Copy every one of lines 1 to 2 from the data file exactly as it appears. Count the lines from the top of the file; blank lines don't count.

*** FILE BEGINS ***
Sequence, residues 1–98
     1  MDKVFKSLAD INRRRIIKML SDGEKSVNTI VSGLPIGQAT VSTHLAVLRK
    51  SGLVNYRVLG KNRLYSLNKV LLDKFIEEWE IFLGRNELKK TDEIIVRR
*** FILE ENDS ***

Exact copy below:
Sequence, residues 1–98
     1  MDKVFKSLAD INRRRIIKML SDGEKSVNTI VSGLPIGQAT VSTHLAVLRK